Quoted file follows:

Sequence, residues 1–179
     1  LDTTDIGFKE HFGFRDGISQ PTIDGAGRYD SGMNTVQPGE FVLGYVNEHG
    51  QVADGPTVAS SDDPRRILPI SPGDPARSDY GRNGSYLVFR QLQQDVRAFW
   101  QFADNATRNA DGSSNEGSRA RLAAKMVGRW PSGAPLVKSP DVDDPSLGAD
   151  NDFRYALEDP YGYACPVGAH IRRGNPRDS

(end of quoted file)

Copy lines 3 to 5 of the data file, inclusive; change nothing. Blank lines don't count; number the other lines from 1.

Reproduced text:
    51  QVADGPTVAS SDDPRRILPI SPGDPARSDY GRNGSYLVFR QLQQDVRAFW
   101  QFADNATRNA DGSSNEGSRA RLAAKMVGRW PSGAPLVKSP DVDDPSLGAD
   151  NDFRYALEDP YGYACPVGAH IRRGNPRDS